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CERF+ guide helps working artists plan the ‘afterlife’ of their tools and other studio assets.

In October 2017, British artist Clifford Rainey’s home and studio in Napa were destroyed by the Altas Peak Wildfire in Northern California. Principally a sculptor who employs cast glass and drawing as primary methodologies, Rainey’s work has been exhibited internationally for 35 years. To help Clifford, check out his gofundme campaign. How were you impacted by the Atlas Peak California wildfire in October? We just got wiped. We had a rental house which got totally destroyed. Then I had my studio with all the equipment and collections of artwork that got completely destroyed and then Rachel [Clifford’s wife] had her little studio for her floral business. It all got destroyed. So we got hit three times. We had 15 minutes to get out so we left everything except what we were wearing and that was it. That’s our new life. We’re starting from there.No one knows the full story of your artistic career better than you—your artwork, your creative vision, your art-making process, and the professional activities through which you have shared your passion and talent.

 

To ensure that you have a say in how you are remembered, it is vital to have a plan in place that will serve as a guide to your heirs for protecting and preserving your artistic legacy. These resources can help demystify the work of estate planning—and help break down the tasks into doable steps.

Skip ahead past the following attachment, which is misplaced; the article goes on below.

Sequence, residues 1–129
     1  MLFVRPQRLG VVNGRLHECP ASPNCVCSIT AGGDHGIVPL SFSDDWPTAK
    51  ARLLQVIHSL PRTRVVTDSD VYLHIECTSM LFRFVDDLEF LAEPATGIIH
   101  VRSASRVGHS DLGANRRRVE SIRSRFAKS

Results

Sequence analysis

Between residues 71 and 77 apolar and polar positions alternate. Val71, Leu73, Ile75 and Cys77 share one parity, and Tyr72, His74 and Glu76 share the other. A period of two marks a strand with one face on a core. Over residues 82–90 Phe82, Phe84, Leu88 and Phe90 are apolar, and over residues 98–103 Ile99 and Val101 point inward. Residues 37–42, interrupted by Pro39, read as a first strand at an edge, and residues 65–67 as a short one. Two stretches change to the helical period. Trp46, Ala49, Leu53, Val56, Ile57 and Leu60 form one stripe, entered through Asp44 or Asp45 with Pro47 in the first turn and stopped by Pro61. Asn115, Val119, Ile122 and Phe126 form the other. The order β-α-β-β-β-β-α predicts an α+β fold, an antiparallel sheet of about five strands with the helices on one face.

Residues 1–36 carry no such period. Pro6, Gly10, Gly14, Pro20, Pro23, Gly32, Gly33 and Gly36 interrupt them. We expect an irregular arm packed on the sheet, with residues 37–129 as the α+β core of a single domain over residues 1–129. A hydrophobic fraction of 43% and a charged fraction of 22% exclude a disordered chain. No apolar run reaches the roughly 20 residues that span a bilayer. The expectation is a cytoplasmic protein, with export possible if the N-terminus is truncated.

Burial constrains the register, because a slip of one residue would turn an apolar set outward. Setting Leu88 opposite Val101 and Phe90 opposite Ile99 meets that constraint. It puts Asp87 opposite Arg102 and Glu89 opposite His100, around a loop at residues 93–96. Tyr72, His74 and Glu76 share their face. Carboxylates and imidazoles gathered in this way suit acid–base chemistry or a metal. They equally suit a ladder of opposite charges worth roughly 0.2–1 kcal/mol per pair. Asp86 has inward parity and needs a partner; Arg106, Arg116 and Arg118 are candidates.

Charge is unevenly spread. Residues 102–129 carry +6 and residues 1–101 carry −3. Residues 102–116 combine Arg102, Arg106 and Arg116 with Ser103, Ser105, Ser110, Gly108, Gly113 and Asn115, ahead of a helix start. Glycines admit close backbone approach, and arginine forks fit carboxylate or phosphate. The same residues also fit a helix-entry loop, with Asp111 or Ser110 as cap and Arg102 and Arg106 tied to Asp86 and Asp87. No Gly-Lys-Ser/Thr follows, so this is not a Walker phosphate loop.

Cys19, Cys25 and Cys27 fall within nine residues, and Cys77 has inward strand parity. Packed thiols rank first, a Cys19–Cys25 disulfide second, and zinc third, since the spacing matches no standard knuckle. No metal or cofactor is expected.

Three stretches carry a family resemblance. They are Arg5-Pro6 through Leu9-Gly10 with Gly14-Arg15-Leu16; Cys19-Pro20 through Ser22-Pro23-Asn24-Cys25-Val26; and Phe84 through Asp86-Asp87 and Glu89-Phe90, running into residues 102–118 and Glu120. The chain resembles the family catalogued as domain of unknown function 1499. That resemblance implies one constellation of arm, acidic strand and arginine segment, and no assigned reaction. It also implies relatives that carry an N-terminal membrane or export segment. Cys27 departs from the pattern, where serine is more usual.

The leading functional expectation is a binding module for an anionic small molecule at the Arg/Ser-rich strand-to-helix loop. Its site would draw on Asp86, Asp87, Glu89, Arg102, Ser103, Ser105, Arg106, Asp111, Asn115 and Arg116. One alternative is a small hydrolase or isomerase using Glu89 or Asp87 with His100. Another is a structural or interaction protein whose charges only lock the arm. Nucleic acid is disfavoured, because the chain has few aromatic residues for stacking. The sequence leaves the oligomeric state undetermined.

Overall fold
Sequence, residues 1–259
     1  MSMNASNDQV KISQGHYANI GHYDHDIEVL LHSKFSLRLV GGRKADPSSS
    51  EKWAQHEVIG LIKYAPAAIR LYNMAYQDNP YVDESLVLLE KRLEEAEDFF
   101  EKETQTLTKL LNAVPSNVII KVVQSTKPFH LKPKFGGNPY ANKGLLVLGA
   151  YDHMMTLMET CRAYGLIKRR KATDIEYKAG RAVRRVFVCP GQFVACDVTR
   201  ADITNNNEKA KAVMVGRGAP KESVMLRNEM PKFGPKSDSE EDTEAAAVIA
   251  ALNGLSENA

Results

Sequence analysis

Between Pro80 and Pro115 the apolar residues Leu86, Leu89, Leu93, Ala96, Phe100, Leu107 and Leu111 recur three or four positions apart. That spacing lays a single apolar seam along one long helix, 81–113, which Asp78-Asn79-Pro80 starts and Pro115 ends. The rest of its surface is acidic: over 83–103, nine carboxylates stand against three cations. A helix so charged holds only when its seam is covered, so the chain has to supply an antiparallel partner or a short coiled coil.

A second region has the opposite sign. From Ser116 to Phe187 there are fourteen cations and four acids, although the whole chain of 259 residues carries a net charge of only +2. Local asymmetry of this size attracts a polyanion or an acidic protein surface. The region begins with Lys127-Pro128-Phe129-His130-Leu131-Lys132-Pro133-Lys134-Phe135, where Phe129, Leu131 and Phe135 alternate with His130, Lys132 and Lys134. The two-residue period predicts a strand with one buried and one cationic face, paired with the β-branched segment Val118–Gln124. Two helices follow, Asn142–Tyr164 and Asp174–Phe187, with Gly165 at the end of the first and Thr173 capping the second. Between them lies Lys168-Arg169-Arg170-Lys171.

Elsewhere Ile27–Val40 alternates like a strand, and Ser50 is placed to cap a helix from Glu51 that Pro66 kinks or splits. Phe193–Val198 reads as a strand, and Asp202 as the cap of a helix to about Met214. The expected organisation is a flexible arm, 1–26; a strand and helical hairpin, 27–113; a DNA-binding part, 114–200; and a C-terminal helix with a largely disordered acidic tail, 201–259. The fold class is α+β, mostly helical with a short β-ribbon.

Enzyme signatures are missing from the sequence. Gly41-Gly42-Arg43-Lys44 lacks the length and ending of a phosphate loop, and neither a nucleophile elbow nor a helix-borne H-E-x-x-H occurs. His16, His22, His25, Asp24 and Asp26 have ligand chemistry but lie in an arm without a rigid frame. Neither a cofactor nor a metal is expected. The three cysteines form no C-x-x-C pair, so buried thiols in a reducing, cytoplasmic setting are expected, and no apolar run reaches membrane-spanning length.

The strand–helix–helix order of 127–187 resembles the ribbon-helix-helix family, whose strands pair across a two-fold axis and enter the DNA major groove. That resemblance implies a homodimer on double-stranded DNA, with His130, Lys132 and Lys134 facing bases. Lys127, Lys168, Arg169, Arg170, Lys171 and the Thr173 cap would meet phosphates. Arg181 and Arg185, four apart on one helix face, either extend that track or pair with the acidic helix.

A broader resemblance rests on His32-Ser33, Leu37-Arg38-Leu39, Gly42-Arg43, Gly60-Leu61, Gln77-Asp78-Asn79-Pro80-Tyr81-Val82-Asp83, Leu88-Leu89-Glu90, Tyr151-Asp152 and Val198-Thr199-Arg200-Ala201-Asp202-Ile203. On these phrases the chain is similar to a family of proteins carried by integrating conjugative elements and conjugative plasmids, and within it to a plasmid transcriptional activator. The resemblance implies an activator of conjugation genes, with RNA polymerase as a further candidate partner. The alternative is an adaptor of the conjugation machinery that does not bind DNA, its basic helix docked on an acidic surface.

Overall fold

Crafting Your Legacy is designed to be used either as a supplement to other guides on estate and legacy planning, or to initiate the process. The 22 page workbook includes eight case studies, checklists, and resources to help studio artists think about and plan for the fate of their tools, equipment, materials, library, archives, and other art making assets as part of their creative legacy.

Crafting Your Legacy can be used as a supplement to other guides on estate and legacy planning, or to start that process. The guide includes eight case studies, checklists, and resources to help studio artists think about and plan for the fate of their tools, equipment, materials, library, archives, and other art making assets as part of their creative legacy.

“Through educational workshops and new publications, legacy planning for artists is becoming a much more public topic of discussion,” said Project Director Meg Ostrum. “Up to now, the focus has been on protecting and preserving artwork.  We’re adding a look at the value of studio contents as part of a more comprehensive approach.”

Veteran curator and writer Mark Leach authored the publication, which is based on interviews with mid and late career visual artists across the country at mid and late stages of their career.  CERF+ also drew on the expertise of attorneys Jim Grace and Megan Low (Arts and Business Council of Greater Boston and Volunteer Lawyers for the Arts of Massachusetts). This expert team co-authored  the CALL Estate Planning Workbook for Visual Artists published by the Joan Mitchell Foundation.

Research and publication of Crafting Your Legacy was made possible by grants from the Joan Mitchell Foundation and the Windgate Charitable Foundation.

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